Business owners often struggle with budget issues. In most of North America, businesses have the added challenge of dealing with seasonal changes that affect customer activity. Half of the year they are overburdened with work orders and no time to ‘run’ the business, while the other half of the year they sit quietly at their desk twirling a pencil, no customers and cashless, wondering how they could ever grow their business out of this conundrum.
A local contractor came to my home the other day for a small plumbing job, like many other experiences I’ve had with contractors, he was late for the appointment, and, in fact, was filling in for someone else who was suddenly put on a different job.
“We’re swamped!” he said. “Sorry, we didn’t get back to you, but I haven’t had a day off in three weeks.”
“Sounds like you have a pretty successful business, are you that busy all year?” I asked.
“Heck no! I’ll be lucky to get five customers from October to March. I should probably advertise, but I just don’t have the money.”
So there it is, the most common complaints by small business people; no time to give attention to the back office, no money to grow the business. The truth is, many small business owners are too busy driving their company into the ground rather than learning, testing, and investing in what works. Complaining about their current familiar predicament is much more comfortable than initiating a change. The good news is there are solutions. Here are just a few things you can do to keep yourself from wrecking your business.
Loosen Your Grip
Sooner or later you’re going to have to trust someone else to run your business. You might not want to admit it, but other people are capable of doing much of your job. Believe it or not, there are probably a few good people around you who are worthy of your trust. Mentor them, give them responsibility. You might be surprised at what respected employees can accomplish, and it will only help your business thrive.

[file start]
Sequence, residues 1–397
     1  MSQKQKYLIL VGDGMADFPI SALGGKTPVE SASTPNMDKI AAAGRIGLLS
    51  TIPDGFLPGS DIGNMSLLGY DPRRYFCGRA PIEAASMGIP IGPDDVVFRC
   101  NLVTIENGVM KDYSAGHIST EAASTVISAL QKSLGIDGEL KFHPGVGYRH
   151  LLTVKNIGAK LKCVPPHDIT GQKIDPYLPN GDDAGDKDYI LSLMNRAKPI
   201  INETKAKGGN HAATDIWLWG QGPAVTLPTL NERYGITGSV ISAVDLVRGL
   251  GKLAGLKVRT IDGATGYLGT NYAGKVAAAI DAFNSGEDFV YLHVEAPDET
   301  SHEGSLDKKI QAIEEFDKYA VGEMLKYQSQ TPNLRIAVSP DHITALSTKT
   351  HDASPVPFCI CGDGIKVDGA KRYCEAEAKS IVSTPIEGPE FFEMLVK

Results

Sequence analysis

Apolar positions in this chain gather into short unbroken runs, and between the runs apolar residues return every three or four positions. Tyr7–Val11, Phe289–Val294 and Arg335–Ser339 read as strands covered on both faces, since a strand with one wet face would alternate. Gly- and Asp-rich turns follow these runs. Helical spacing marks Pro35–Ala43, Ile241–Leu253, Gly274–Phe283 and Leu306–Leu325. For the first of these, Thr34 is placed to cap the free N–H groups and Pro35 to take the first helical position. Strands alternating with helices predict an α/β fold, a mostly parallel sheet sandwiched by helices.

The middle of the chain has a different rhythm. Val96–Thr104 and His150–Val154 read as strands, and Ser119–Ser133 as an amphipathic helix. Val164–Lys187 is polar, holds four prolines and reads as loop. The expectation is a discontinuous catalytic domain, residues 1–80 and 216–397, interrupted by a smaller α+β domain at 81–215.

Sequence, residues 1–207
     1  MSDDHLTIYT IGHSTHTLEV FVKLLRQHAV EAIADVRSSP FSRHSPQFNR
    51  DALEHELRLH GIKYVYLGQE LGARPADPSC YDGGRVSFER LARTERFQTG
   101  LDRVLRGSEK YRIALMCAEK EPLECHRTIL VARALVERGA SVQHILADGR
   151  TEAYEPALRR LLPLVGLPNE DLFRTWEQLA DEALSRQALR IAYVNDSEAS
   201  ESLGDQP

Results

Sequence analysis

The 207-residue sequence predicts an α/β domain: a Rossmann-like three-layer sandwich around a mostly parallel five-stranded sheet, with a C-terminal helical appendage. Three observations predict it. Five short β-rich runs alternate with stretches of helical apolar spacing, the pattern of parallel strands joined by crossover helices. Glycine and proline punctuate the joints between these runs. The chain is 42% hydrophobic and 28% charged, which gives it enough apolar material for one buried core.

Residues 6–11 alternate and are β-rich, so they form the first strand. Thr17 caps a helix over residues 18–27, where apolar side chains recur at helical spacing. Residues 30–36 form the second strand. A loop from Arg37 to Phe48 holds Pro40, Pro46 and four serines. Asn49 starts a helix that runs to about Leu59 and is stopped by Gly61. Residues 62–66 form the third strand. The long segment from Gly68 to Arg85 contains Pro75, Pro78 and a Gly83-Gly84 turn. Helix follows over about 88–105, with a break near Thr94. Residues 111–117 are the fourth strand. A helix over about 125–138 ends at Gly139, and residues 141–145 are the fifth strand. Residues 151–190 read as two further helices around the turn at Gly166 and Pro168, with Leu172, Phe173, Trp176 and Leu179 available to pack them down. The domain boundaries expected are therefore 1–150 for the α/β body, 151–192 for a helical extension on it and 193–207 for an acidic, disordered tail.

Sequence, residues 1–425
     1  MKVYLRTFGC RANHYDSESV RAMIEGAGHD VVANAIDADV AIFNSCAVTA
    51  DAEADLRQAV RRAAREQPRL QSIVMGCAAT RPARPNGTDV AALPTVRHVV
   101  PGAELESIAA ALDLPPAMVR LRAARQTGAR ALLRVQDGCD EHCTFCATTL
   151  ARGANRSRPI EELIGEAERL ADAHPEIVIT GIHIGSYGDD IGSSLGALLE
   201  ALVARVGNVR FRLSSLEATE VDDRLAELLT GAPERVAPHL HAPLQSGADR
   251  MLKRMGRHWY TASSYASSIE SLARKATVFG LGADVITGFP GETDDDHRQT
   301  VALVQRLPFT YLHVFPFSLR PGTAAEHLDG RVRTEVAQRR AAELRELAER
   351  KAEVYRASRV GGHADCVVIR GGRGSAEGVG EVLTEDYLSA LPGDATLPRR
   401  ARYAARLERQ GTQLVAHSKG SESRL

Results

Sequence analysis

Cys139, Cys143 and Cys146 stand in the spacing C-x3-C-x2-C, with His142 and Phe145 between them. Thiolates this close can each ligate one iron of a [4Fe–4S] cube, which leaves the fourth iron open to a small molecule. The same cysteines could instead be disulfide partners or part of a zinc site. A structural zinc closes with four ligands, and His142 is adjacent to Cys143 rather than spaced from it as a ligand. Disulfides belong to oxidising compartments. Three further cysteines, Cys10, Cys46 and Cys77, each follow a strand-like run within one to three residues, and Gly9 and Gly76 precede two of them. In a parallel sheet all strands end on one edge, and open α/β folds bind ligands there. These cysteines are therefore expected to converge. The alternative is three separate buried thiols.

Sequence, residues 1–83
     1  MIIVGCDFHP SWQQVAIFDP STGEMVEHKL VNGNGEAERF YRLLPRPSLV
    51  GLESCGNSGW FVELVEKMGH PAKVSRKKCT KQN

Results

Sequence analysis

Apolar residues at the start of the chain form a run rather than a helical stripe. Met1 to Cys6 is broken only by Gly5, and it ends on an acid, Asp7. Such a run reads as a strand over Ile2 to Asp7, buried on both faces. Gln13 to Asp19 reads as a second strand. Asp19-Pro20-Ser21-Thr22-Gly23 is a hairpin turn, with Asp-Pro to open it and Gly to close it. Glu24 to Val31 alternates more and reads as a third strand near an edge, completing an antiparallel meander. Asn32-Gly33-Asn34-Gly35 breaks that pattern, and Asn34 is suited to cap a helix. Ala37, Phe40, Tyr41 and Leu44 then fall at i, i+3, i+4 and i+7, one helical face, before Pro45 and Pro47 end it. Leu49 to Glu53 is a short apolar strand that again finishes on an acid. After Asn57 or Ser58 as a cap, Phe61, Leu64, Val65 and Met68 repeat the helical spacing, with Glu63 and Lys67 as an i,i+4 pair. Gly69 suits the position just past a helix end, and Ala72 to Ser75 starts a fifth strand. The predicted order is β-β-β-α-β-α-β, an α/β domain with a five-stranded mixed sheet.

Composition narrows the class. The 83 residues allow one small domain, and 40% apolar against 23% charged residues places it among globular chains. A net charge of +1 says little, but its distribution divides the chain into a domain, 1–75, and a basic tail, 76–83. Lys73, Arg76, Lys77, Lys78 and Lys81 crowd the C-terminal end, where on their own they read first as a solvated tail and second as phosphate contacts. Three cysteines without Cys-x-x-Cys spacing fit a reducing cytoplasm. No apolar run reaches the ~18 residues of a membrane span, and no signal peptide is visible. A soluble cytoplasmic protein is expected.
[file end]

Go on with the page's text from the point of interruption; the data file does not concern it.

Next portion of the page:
Give Up the No-brainers
Why on Earth do you still have a land line? Why are you paying for premium print cartridges? In fact, if you’re not writing a sales letter, put your printer in draft mode and save even more on expensive printer ink. Why stop there? Millions of companies have given up paper and hard copy altogether. Start emailing invoices to your clients and save the paper and postage costs. Set up PayPal or some other mechanism to let customers pay their bills. Become your own efficiency expert. Remove the barriers to sales!
You hate it; I get it. Now it’s just one more thing you need to get over. You can’t run a competitive business today without technology. Get a smartphone. Start checking your emails, respond to them at least twice a day. Find out what Twitter is, and LinkedIn. Learn how to text. There’s a whole world of commerce going on all around you and if you don’t have a clue, well then, you just don’t.
If all of this seems daunting, consider getting help learning about new technologies that will give you more time. Remember this is your business and its 2017, not 1985. If you just can’t bring yourself to making the smallest changes in your attitude about technology, then get rid of it all together. Get rid of your email address. There’s no sense in giving potential customers the false hope that you’re interested in their business. The same goes for that 10-year-old website. If you can’t take it seriously, take it down. You just look silly.
You can analyze things to death, but while you’re doing that, your business is losing more market share, your company is losing competitive advantage. You continue to waste money on things that don’t work, and you’re losing the confidence of your employees. If this sounds depressing, maybe it’s time to turn things around. PTFT. Pull The Friggin Trigger and act!